Next week, the House will take another stab at finding a way to go after the sales and use taxes the state is owed, but can’t collect, from those who purchase goods and services online. At least two, and possibly three bills, all dealing with the issue in different ways, are going to be part of a lengthy hearing in the House Finance Committee on Wednesday, April 24.

The first bill is House Bill 13-1295, carried by Speaker of the House Mark Ferrandino, D-Denver, and Sen. Rollie Heath, D-Boulder. HB 1295 would put into place a federal solution to the online sales tax issue that has plagued Colorado lawmakers since at least 2010.

What’s at stake? Potentially hundreds of millions of dollars annually in sales and use taxes. The National Conference of State Legislatures (NCSL) estimates that Colorado lost $352.6 million in sales and use taxes that went uncollected from customers of online and catalog retailers in 2012 alone.

The General Assembly has tried several times in the past four regular sessions to find a way to get those tax dollars. It started in 2010, when Democrats pushed through HB 10-1193, dubbed the “Amazon sales tax” by Republicans. The law required out-of-state online retailers that do not collect Colorado state sales and use taxes to notify customers that they are obligated to pay those taxes. The Direct Marketing Association filed suit in 2010 to block the law’s implementation. Last year, U.S. District Court Judge Robert Blackburn ruled in favor of the DMA, and issued a permanent injunction against the law. The state is appealing the decision to the 10th Circuit Court of Appeals.

Blackburn said the law violated the Commerce Clause of the U.S. Constitution as it pertains to interstate commerce, and opined that the matter could be resolved only at the federal level, either by Congress or by the U.S. Supreme Court.

Last month, the U.S. Senate, in a nonbinding resolution, endorsed a national “Marketplace Fairness Act.” The Act, as described by, would grant states the authority to compel online retailers to collect sales and use taxes at the time of transaction. The Act also requires states to simplify their sales tax laws. Twenty-nine governors from both parties, including Colorado Gov. John Hickenlooper, have endorsed the Act; it also is supported by Amazon, Wal-Mart and dozens of trade associations, including the Colorado Retail Council. The Direct Marketing Association is opposed.

Ferrandino told The Colorado Statesman that the Senate vote on the resolution was 75 to 24, showing that it had bipartisan support. Sen. Mike Enzi, R-Wyoming, and several Democrats are the Act’s prime sponsors. States are really putting a lot of pressure on the federal government to act, Ferrandino said recently. As a result, “it’s incumbent on us to make sure there’s a system in place to comply.” According to The Hill, U.S. Senate Majority Leader Harry Reid, D-Nevada, filed a motion Wednesday to have the bill come directly to the floor and bypass a committee hearing. The Senate vote on the Act could come as soon as next week.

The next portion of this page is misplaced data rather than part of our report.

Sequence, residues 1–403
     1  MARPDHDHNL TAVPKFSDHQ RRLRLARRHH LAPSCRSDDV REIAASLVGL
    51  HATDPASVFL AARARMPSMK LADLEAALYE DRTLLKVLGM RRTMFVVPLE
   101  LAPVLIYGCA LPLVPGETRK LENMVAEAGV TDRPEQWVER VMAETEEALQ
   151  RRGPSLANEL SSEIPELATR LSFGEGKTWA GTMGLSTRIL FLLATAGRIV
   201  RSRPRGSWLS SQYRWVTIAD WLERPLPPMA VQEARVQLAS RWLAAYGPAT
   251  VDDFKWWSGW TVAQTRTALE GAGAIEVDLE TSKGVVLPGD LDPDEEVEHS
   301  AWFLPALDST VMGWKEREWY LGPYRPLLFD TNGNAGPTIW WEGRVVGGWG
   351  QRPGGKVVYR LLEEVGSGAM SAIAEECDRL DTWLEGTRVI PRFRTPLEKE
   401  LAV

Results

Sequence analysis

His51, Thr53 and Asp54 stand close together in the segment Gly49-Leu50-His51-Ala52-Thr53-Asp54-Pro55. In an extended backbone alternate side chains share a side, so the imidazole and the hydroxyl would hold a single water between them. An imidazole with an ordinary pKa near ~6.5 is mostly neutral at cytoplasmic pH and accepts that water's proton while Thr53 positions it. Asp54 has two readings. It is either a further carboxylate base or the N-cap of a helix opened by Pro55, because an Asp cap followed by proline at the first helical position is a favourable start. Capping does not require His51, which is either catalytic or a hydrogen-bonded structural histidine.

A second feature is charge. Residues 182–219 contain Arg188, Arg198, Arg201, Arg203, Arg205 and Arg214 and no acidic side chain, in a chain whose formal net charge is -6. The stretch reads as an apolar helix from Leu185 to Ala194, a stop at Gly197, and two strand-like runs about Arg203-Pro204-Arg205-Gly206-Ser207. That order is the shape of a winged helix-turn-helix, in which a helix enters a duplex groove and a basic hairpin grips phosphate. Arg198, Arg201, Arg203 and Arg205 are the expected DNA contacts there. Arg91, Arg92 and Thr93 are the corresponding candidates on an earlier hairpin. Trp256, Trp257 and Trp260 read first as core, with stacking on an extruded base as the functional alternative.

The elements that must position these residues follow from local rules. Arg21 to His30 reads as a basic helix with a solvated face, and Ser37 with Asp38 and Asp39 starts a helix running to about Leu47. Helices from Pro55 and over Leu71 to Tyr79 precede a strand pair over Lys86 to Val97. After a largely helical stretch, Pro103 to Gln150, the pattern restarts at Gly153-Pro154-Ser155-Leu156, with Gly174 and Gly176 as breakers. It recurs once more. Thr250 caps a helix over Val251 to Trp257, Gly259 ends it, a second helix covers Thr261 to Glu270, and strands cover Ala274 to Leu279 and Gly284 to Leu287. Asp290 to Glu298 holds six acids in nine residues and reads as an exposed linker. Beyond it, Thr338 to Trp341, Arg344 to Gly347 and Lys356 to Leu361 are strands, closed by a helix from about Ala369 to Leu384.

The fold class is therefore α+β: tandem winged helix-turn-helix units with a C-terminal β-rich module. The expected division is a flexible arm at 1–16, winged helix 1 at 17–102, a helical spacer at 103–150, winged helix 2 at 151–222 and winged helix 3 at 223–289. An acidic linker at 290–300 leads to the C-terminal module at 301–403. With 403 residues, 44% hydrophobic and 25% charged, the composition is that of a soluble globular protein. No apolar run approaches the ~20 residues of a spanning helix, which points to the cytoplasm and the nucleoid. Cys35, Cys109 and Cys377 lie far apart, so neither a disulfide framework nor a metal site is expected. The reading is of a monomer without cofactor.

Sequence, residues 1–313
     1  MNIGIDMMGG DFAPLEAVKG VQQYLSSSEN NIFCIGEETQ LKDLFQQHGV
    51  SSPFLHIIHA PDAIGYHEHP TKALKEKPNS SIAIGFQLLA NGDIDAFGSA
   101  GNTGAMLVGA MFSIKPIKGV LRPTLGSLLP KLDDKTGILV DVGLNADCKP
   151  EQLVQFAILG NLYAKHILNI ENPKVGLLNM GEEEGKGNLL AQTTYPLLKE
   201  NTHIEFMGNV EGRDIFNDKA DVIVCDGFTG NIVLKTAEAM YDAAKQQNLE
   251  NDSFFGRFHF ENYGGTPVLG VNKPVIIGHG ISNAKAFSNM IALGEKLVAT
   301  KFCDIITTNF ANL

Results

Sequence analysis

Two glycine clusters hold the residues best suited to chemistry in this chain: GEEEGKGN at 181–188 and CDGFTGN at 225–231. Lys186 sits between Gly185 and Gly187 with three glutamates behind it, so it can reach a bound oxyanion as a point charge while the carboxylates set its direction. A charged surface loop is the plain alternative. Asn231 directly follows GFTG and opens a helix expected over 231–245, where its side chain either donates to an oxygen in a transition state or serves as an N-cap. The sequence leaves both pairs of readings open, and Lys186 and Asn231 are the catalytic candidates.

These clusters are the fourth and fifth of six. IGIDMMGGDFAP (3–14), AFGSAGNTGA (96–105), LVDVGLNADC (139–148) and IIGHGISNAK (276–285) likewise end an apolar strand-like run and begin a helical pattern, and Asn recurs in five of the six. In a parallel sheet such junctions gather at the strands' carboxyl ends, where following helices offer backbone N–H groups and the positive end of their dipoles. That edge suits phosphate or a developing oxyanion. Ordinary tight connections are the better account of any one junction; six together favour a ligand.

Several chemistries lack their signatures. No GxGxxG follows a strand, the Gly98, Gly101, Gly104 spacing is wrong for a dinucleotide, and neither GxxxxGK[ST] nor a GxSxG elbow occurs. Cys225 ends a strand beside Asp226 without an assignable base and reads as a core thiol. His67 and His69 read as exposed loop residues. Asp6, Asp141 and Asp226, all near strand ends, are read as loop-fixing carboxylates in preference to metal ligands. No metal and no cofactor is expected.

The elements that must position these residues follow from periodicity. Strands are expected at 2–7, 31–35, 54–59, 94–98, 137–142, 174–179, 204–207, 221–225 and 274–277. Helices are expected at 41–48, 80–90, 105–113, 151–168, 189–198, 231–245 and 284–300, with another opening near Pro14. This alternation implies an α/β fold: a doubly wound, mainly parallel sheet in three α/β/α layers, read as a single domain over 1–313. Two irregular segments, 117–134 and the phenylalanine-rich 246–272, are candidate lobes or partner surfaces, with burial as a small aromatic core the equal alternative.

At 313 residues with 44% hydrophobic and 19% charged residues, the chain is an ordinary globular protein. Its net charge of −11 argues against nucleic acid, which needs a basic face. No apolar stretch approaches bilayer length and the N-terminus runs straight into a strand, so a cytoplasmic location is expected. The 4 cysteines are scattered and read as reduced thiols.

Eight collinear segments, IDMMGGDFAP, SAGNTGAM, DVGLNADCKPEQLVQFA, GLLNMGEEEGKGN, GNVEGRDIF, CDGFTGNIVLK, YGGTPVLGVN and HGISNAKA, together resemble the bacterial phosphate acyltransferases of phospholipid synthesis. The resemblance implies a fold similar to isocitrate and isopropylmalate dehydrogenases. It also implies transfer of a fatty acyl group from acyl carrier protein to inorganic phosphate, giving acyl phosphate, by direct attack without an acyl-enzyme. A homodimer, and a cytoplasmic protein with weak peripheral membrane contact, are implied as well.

Ferrandino’s bill would implement the Act’s simplification requirements. He called the state’s tax system “very complex” because of its mix of tax policies for home rule cities and special taxing districts. The state needs to begin dealing with those complexities now in order to meet the requirements of the federal Act, once it is passed by Congress, he said.

While passage of the federal Act might not take place this year, Ferrandino said he believes it will happen in the foreseeable future. “It’s better for us to get the system ready. Once they act, we turn on our system to begin collecting those taxes.”

The Act also requires states to have a uniform sales tax base, which for Colorado would be the state base. That’s a master list of goods and services that are taxable, how those items are defined, and what goods and services are tax-exempt. In addition, state sales taxes must be collected and remitted through a central point, which the Department of Revenue would handle for Colorado.

Ferrandino’s effort has drawn an unlikely supporter: Rep. Amy Stephens, R-Monument, who led Republican opposition in 2010 and subsequent years to the Amazon sales tax bill. For the last several years, Stephens has worked on an NCSL taskforce on interstate commerce and taxation that believes the issue should be resolved at the federal level.

Stephens told The Statesman this week that HB 1295 is a “good first step,” although she would prefer to see the bill run as an interim committee that could spend the summer looking more closely at the issue and bringing in all the stakeholders “If we’re going to do this, let’s do it right.”

Stephens noted that 24 states have signed onto a streamlined sales tax system that is supposed to work hand-in-hand with the Act, but Colorado hasn’t joined because of the home rule issue. Stephens doesn’t favor the streamlined effort because it is more complex than it should be, and she thinks Colorado could do better.